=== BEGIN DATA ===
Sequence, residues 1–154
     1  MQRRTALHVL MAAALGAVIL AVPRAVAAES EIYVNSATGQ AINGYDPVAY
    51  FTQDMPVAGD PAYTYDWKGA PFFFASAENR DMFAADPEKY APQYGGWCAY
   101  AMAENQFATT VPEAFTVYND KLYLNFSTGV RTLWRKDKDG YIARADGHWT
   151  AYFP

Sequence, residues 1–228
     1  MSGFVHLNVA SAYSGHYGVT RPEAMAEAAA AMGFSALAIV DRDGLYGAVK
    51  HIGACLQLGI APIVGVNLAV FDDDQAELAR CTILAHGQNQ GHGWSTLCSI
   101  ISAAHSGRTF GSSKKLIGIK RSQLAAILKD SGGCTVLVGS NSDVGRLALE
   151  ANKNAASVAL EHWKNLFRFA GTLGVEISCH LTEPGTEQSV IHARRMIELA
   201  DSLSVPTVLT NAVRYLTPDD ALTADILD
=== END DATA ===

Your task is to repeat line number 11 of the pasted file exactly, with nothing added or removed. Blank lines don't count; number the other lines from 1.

   201  DSLSVPTVLT NAVRYLTPDD ALTADILD